Ruth Slavid talks architecture

Soil sweetness

Posted in landscape design by ruthslavid on March 3, 2011

I was surprised at Ecobuild to find British Sugar exhibiting, promoting topsoil. When I asked what the connection was, they said that when sugar beet comes in for processing, it has quite a lot of soil on it. They remove this soil, process and age it, and sell it as topsoil. A virtuous circle.


Wood and sun

Posted in landscape design, wood by ruthslavid on July 8, 2010

This is Helen and Hard’s rather wonderful pavilion in the John Madejski Garden at the Victoria and Albert Museum. Made entirely of wood (even sitting on a base of wood chippings) it is part of the exhibition ‘Architects build small spaces’.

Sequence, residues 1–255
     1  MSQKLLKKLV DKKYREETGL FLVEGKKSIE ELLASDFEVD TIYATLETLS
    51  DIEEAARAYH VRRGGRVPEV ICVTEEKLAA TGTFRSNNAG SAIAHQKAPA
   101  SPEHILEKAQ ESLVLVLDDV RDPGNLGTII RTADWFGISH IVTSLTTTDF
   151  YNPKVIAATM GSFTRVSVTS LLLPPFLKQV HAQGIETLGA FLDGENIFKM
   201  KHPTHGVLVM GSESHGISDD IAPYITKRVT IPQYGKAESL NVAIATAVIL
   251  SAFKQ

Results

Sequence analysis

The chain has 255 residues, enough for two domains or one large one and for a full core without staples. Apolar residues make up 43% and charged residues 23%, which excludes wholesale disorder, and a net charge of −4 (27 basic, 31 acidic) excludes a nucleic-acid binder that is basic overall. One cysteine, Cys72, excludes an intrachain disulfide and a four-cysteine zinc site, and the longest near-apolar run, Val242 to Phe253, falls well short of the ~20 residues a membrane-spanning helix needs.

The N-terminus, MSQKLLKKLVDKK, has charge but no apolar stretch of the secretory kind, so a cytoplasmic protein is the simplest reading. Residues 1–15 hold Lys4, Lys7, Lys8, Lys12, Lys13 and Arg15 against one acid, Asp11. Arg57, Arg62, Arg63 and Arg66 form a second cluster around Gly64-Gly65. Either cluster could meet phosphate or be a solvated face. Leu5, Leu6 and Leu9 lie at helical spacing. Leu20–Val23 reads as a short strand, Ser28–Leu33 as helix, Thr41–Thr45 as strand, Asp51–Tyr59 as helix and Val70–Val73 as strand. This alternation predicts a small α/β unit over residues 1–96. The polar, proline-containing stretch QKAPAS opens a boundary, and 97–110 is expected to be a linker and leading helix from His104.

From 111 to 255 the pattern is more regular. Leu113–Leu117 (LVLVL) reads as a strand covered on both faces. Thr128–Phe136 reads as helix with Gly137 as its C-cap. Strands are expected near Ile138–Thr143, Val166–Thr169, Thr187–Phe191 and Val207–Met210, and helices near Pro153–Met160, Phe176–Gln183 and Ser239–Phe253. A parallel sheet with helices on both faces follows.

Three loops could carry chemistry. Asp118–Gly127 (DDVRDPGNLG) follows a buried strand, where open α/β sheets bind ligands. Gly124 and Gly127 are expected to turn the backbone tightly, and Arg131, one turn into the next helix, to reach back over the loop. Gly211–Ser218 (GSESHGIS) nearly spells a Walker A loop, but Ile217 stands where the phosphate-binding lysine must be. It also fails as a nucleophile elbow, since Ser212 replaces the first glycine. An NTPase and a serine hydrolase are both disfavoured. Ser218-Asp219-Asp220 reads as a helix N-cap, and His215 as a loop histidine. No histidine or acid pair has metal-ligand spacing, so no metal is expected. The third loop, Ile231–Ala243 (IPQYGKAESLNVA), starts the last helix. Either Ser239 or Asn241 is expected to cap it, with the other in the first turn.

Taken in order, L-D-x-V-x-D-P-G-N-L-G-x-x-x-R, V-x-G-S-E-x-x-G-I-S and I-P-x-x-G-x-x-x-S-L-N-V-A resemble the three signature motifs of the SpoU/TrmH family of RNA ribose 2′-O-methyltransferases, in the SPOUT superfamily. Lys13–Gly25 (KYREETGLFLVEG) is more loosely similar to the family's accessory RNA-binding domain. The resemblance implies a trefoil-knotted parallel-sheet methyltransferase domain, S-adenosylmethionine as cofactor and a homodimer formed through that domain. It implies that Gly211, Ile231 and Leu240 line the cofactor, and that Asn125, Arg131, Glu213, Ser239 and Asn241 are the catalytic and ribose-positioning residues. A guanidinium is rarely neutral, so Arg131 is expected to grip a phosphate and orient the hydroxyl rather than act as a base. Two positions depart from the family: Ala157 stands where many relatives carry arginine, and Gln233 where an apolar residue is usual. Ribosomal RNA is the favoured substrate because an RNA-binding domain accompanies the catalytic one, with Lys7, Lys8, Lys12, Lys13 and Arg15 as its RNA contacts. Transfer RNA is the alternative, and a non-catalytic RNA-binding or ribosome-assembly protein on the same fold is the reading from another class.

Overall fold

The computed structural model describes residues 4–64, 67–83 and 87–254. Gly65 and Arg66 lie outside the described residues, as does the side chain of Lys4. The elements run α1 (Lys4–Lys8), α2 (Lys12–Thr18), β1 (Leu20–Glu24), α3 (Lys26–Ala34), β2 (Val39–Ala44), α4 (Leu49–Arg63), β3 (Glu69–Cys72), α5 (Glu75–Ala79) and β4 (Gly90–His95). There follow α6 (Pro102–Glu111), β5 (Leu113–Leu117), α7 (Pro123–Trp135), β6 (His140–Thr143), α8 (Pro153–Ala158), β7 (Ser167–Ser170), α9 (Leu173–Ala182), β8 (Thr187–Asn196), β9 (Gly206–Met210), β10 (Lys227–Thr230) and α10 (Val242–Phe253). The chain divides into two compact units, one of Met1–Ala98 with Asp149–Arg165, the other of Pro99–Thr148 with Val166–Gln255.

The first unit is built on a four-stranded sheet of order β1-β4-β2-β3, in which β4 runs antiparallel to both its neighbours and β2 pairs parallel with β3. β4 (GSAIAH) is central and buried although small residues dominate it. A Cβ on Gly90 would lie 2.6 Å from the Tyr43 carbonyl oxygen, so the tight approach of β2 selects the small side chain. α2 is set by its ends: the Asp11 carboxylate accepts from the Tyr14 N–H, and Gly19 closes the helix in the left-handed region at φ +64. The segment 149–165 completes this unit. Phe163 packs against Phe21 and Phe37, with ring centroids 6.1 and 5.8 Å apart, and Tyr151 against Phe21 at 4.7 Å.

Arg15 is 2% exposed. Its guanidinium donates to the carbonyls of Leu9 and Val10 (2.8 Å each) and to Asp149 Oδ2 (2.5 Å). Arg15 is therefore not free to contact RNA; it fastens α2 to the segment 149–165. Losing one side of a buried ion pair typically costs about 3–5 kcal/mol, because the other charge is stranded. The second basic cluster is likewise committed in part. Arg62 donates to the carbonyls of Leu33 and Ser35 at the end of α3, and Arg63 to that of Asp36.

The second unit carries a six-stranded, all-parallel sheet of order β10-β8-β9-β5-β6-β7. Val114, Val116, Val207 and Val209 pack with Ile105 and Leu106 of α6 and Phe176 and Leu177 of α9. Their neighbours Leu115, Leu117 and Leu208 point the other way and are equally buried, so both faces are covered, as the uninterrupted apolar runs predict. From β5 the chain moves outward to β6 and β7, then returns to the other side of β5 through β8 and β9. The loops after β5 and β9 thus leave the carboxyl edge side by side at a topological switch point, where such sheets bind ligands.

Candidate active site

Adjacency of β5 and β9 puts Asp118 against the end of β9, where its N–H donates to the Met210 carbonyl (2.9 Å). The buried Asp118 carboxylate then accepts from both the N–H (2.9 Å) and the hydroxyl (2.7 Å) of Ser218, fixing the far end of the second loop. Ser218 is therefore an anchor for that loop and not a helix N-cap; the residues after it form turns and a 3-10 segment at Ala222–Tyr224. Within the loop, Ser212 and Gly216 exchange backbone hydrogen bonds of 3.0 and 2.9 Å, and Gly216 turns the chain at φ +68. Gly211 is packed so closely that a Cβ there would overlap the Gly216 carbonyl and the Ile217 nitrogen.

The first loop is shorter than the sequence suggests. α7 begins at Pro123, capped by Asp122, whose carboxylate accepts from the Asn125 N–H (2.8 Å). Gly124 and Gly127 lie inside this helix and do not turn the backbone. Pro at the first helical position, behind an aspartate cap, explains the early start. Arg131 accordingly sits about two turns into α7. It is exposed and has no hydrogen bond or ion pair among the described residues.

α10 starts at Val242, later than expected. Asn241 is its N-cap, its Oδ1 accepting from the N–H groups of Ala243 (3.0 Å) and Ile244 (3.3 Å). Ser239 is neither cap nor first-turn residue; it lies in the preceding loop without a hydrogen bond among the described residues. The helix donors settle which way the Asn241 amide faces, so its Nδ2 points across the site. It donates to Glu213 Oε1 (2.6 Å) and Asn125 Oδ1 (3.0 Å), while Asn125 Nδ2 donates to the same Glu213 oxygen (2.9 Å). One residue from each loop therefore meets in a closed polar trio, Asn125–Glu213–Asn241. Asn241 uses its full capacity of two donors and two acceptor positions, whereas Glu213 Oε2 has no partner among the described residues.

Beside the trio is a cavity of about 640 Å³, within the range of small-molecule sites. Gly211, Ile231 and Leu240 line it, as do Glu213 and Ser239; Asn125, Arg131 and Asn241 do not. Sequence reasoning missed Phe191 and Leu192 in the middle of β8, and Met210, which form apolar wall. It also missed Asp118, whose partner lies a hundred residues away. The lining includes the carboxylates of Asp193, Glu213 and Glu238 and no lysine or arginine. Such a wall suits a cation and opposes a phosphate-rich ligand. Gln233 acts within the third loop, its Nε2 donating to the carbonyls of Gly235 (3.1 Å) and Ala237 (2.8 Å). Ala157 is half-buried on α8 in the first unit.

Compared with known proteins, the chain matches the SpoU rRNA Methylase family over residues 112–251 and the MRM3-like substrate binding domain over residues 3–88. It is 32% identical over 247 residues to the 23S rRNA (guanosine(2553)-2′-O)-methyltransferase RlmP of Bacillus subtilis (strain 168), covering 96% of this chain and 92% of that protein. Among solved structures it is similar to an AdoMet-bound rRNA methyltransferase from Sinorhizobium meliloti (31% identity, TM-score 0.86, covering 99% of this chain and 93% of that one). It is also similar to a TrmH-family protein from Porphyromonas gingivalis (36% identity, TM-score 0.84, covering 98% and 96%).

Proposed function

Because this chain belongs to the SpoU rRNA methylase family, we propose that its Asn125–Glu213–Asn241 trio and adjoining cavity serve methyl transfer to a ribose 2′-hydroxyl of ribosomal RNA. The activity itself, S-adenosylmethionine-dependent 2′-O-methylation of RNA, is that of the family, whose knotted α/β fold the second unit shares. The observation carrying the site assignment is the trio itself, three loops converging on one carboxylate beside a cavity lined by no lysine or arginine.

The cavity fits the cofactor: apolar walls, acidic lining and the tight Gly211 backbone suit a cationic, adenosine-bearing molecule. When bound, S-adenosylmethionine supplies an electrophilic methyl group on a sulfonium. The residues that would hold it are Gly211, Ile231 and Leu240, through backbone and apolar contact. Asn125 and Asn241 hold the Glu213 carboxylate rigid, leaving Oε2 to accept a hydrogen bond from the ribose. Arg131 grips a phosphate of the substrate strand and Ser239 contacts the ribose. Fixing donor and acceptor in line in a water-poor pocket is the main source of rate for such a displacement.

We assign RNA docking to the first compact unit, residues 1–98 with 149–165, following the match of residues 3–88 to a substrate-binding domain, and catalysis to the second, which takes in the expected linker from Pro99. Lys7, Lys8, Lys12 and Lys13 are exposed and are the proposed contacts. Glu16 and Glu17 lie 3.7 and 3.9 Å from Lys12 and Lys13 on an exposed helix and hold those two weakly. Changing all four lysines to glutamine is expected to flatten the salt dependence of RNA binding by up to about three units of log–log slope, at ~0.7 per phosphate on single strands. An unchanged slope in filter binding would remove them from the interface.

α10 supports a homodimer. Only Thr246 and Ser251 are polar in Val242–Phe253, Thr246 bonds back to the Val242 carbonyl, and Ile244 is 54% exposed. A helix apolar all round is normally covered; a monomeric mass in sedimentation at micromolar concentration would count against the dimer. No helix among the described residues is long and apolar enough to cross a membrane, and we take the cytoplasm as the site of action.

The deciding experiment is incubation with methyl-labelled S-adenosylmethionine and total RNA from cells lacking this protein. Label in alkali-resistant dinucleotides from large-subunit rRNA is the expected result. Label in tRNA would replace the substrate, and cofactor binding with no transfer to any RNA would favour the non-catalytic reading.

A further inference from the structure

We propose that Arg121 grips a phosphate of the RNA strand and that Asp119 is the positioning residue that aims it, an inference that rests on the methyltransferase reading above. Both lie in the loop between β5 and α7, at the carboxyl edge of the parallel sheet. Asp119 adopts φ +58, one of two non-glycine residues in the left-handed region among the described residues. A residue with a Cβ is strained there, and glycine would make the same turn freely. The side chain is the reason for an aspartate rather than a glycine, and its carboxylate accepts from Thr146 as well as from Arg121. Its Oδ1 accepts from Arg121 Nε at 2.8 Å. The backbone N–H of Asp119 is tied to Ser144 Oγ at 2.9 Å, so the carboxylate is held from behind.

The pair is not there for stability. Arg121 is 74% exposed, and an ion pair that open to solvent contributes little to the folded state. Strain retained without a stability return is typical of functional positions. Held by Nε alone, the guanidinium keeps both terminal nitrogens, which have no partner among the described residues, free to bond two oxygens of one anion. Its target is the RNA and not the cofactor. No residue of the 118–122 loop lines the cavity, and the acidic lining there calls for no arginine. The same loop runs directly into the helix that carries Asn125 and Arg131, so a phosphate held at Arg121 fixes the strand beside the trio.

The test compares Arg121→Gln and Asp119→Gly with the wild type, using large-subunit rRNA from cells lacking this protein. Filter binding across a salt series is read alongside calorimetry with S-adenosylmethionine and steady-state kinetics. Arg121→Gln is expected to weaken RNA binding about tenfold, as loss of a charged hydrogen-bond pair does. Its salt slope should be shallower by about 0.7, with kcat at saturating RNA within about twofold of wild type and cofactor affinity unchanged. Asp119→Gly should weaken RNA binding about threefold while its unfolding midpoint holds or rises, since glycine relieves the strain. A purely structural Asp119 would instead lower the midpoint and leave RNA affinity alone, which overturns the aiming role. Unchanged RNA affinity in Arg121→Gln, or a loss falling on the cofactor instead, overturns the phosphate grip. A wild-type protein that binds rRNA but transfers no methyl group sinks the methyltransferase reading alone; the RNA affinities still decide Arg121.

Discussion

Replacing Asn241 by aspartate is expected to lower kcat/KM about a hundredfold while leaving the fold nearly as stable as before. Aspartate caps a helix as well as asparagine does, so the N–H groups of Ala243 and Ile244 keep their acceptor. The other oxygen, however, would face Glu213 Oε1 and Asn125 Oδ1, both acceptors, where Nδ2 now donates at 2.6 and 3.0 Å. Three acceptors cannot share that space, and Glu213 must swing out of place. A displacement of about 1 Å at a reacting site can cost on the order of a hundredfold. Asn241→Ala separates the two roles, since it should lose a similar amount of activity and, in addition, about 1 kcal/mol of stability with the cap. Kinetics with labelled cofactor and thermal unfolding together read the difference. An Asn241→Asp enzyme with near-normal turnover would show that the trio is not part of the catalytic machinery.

But what is equally entertaining is the view in the opposite direction:

The very beautifully landscaped garden becomes a giant play space in hot weather, just the right side of riotous. Refreshing in every sense – but likely to disappear, I suspect, when free entry to museums inevitably goes.

Rat tales

Posted in housing, landscape design by ruthslavid on June 26, 2010

Noel Farrer of landscape architect Farrer Huxley was telling horrific stories, using a phrase that is new to me – ‘rat bloom’. This is what happens when conditions are so favourable, that the rat colony expands to occupy all the available space. When he worked on Broadwater Farm estate in north London, they poisoned all the rats which then filled several skips. And on Abbey Orchard Court development, a Peabody estate in Victoria, he opened a 10 foot deep inspection chamber to find it solid with rats – yuk.

But it was the need to redo the courtyard that led to Farrer persuading Peabody to banish the cars and create an entirely new and very successful environment.  He led a tour round the estate and its neighbours as part of the London Festival of Architecture, and I will be writing about it in Specification Magazine’s Hotels, Sport and Leisure supplement.